I study gardens. Every summer I sign up for the Garden Conservancy Open House tours. This year I went over to Connecticut, about an hour away to suss out Bunny Williams garden. It’s awesome. She has lots of land and many gardeners so she’s been able to make a woodland garden that almost defies belief. The best part was the beginning as you enter. Off in the distance, catching the corner of your eye is something not ‘animal or vegetable’. Brilliant. Wish I had the space for it.
The Tea garden, or Roji is divided into two spaces: an outer garden and an inner garden connected by a series of stone paths. Gates and fences play an important role in dividing the two rooms to create the feeling of transition from one place to another.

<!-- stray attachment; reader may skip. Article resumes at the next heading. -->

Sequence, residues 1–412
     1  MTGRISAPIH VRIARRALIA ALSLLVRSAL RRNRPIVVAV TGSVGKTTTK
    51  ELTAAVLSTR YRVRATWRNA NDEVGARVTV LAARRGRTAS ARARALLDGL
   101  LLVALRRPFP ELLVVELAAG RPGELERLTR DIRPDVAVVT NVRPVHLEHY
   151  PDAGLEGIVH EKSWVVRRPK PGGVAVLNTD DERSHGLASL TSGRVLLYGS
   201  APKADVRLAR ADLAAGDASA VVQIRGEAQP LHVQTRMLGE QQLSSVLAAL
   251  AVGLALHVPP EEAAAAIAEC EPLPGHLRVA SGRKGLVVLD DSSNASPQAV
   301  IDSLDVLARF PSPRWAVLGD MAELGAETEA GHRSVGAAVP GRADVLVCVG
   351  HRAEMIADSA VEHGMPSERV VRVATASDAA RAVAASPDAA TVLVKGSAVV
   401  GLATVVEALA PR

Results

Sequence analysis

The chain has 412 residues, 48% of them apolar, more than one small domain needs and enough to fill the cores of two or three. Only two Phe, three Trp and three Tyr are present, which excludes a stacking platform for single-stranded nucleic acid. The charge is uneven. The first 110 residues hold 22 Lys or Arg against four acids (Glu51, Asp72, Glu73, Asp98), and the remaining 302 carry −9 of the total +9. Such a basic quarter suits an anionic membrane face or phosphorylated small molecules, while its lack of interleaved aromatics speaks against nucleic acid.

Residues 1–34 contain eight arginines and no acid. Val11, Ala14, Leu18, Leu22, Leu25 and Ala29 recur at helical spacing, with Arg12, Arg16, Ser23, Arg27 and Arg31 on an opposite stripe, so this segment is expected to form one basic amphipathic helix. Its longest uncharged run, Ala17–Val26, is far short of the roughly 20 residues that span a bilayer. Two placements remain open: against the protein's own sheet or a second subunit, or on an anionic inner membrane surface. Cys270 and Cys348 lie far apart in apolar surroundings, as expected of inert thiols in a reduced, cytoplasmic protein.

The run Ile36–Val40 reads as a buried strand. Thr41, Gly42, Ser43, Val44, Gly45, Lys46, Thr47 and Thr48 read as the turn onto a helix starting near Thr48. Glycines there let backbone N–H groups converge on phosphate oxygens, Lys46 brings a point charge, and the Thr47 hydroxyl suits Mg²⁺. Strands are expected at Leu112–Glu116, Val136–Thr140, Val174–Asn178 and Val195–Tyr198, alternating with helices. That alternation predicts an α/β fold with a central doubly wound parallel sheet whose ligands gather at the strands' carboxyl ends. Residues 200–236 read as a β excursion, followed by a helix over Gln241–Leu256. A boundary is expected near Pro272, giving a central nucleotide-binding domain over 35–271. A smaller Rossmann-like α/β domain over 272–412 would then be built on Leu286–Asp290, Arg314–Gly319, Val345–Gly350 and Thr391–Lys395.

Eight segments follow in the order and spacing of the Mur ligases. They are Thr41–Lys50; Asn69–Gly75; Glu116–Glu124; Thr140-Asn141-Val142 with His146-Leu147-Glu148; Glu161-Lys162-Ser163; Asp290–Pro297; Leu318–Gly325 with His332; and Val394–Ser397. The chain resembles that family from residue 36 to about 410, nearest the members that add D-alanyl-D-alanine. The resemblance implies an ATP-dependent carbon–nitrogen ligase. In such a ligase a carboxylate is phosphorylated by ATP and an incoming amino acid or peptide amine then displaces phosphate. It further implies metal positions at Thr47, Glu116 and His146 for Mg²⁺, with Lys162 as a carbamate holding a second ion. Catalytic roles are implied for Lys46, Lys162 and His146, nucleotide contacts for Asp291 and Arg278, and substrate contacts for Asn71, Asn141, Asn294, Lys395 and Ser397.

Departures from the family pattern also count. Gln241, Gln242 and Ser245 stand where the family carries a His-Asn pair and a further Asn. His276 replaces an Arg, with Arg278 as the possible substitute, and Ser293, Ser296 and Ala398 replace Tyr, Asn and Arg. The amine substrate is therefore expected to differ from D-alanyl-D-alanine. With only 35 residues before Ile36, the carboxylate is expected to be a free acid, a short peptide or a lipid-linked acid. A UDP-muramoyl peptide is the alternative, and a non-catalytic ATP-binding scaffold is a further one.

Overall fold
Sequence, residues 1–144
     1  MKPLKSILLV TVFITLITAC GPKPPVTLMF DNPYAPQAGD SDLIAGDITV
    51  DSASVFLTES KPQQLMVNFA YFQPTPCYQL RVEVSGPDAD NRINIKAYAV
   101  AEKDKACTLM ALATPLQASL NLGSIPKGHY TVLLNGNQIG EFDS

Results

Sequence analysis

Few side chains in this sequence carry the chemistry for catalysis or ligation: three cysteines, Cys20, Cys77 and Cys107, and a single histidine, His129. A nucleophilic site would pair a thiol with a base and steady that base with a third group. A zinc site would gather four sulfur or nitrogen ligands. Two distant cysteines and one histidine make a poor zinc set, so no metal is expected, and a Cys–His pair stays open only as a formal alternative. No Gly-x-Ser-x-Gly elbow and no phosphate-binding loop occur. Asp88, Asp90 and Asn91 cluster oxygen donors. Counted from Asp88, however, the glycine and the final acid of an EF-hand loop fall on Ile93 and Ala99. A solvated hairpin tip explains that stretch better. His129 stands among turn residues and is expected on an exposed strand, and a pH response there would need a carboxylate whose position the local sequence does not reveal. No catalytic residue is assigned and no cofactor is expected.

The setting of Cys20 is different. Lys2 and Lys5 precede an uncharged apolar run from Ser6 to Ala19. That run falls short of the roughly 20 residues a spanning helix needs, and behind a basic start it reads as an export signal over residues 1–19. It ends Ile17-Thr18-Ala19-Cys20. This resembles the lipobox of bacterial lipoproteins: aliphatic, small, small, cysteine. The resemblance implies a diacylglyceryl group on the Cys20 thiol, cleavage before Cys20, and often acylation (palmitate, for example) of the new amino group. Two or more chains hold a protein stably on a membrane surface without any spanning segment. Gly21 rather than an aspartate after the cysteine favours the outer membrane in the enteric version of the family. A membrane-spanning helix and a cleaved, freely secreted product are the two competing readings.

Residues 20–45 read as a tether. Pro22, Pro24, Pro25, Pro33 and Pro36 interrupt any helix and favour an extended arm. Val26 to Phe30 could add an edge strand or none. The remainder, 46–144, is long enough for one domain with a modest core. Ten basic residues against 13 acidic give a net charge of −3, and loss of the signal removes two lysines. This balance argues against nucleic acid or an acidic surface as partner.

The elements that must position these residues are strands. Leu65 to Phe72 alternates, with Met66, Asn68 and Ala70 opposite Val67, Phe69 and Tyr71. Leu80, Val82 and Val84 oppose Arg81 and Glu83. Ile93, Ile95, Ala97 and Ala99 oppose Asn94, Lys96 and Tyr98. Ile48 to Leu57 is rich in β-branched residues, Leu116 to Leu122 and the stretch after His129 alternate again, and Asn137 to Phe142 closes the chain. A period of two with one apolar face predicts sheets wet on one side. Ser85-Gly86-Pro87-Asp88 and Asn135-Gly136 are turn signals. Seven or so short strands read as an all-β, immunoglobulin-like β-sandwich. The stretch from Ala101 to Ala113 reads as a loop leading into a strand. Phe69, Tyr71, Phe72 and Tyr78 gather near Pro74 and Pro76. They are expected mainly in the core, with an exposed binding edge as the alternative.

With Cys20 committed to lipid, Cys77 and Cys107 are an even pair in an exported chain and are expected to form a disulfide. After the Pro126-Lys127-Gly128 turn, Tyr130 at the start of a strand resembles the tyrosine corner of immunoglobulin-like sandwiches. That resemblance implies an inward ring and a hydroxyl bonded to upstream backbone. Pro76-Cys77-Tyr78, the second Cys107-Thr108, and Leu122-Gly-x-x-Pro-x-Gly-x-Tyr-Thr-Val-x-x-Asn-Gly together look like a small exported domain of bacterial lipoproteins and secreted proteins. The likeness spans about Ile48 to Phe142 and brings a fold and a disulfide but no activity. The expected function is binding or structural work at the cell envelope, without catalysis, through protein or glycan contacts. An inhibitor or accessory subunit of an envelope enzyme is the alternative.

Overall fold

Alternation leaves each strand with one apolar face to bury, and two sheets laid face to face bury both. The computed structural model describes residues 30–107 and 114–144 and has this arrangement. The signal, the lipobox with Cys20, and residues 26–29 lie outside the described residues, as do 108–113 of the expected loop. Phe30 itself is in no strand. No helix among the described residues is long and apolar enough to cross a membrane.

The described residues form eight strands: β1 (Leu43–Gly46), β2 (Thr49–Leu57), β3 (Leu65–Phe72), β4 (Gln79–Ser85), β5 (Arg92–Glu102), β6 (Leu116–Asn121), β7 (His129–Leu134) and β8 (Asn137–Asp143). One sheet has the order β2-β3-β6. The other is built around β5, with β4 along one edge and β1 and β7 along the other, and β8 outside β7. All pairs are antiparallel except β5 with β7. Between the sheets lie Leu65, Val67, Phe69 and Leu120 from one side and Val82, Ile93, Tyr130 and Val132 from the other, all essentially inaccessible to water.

When designing the landscape for a Tea garden I start by looking at the architecture of the place, the bones and details, because I want to gracefully transition from outer to inner, from the street to the tea house; a transition from daily life to a space that is contemplative and feels connected to place.
It is not necessary to have a tea house or retreat space in your back yard, but the garden should feel like you’ve stepped onto a path that leads you through the countryside to a rustic hut or space designed for quiet contemplation and reflection.
The overall impression should be one of integrity, tranquility and beauty. There are a few elements that make this work.
-excerpt from A Tea Garden in Tivoli